So Now What?
The biggest kick in the pants (top 25, anyway) of that Sixers loss is just how many questions it raises about what comes next for the team, with no good answers.
Andrew Unterberger is a famous writer who invented the nickname 'Sauce Castillo' and writes for The Rights To Ricky Sanchez, as part of the 'If Not, Pick Will Convey As Two Second-Rounders' section of the site. You can follow Andrew on Twitter @AUGetoffmygold and can also read him at Billboard.
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Last night, following that Boston-Philly Game Seven, the venerable writer and television personality Bomani Jones tweeted some shit about the Sixers. "I sure am glad i haven't spent almost 10 years defending the sixers. anyone know anyone who's done that? you've had to ride for hinkie. and simmons. and harden. embiid's getting kinda shaky. imagine putting in a decade for that. whew. couldn't be me." The statement drew the ire of some somehow-still-impassioned Sixers fans, to which he replied, "i recommend all sixers fans just hold the L. in such a tender time, you can't f ck with me. you know that. just be sad quietly."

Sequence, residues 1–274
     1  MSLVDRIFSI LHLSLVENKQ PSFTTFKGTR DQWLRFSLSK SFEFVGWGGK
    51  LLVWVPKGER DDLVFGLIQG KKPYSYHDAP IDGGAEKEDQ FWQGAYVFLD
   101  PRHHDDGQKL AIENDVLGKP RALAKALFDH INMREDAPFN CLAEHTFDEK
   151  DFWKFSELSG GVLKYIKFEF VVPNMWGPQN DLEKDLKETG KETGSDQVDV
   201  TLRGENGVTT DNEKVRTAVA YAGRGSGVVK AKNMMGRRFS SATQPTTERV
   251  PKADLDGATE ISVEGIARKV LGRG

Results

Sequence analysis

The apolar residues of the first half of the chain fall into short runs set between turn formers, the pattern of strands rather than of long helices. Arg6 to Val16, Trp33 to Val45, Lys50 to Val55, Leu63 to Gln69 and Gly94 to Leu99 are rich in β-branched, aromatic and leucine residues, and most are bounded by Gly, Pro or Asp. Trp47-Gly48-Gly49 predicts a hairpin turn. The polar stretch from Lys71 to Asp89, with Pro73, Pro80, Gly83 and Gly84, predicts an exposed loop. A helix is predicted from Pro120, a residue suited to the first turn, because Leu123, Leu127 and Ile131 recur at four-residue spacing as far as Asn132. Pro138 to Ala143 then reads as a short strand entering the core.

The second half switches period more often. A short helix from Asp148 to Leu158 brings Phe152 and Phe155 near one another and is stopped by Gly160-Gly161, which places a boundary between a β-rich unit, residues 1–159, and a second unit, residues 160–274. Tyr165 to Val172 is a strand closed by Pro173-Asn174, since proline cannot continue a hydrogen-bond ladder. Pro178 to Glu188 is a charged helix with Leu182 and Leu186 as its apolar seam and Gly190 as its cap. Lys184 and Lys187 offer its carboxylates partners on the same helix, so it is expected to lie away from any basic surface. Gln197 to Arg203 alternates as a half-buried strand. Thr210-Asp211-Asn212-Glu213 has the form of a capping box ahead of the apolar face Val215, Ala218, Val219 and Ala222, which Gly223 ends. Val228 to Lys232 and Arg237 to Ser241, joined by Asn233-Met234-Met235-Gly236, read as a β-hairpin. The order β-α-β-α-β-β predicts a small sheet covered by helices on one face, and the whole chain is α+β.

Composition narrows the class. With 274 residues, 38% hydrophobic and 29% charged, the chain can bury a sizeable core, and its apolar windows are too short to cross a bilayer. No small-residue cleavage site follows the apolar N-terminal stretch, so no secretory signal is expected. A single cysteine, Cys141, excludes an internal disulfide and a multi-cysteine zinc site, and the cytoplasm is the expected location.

At pretty much any other point in the past 10 years of the Process -- literally 10 years, as last night's game was a decade to the day of Sam Hinkie being hired and setting us on this particular course -- it would have been a call to arms for most if not all Trusters to get in Jones' business, to point out the inaccuracies and hypocrisies in his statement, to take shots at whatever cows he has holding sacred in contrast, to stick up for our guys in the face of whatever rhyme and/or reason. But this time, for the overwhelming majority of us, there was nothing to say. The Sixers just got noogied and wet willied by the Celtics in Game Seven, a complete second-half no-show captained by our two supposed franchise co-leads. No one Bomani taunted was even close to beyond reproach. No justification for spending 10 years waiting for this particular result would hold water. He was right: For once, we had no other move. Hold the L. Be sad quietly.